How I Made My First Book Sale…

A few days ago a friend asked me what my secret was: how did I make that almost impossible first book sale to one of the largest, finest publishers in the industry?

I used to tell my mom I had a theory: Being in the right place at the right time was simply a byproduct of being in a lot of places at a lot of times. The more places you were in, the greater your odds of something perfectly, wonderfully serendipitous happening. (My mother wisely pointed out that being in the wrong place at the wrong time was a byproduct of precisely the same thing, but hey—no balls no blue chips.)

Operating on my half-assed theory, when I began pursuing my dream of becoming one of those people lucky enough to get to do what I love every day for a living, I sent out to multiple agents and publishers, non-exclusives, submitting tirelessly, accumulating one rejection letter after another. To this day, that fat binder of all the reasons I was doomed to fail sits on a shelf in my office, reminding me to never give up.

Eventually, based on a sheer numbers game, I think, I landed an agent and one would think the story wraps up nicely there: said agent submits manuscript utilizing her excellent resources and connections, publisher offers—presto, success.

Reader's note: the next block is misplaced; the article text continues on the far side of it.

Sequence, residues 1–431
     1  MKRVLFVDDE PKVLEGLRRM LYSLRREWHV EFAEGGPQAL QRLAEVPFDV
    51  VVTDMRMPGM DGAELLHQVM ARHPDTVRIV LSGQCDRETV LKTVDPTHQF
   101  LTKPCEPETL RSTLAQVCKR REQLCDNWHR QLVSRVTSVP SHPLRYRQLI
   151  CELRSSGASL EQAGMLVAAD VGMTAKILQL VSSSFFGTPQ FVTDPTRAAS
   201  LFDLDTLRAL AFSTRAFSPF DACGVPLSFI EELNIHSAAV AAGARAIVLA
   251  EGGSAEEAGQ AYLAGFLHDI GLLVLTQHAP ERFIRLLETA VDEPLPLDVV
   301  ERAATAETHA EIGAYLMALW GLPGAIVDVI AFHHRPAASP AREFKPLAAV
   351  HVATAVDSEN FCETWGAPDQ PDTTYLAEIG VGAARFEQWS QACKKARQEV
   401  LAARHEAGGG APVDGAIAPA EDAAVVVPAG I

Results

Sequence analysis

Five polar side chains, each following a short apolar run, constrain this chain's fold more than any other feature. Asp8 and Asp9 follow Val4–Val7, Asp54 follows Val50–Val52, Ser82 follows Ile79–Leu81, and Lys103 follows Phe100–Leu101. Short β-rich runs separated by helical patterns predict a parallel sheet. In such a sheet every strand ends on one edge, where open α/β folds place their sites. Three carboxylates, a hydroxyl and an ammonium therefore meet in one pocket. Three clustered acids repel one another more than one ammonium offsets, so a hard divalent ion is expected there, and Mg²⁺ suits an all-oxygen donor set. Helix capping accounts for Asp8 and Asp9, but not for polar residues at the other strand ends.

It wasn’t that simple. The fact is, I never would have made that first sale if someone hadn’t run out of paperclips.

Years after the incomparable Maggie Crawford made an offer for my first two books, my wonderful first editor, Lisa Stone (whose name I used for the heroine in The Highlander’s Touch) told me the story about how I ‘really’ got discovered.

Late one night as Lisa was getting ready to go home, she picked up the first fifty pages of five manuscripts she had on her desk to take home and read over the weekend.

Mine was NOT one of them. Mine was sitting, abandoned and forgotten, in an empty office down the hall on the desk of an editor who’d recently left Bantam Dell. Editors are deluged by submissions from unknowns and once an editor leaves a publishing house, the teetering pile of submissions on his or her desk usually goes straight to the dreaded slush pile, where it collects dust in a dark closet before being relocated to the trash bin.

As Lisa was packing up to go, she realized she needed paper clips and didn’t have any in her desk. Rather than walk all the way to the supply room, she did what everyone else was doing—went to raid an ex-editor’s empty office, since it was much closer.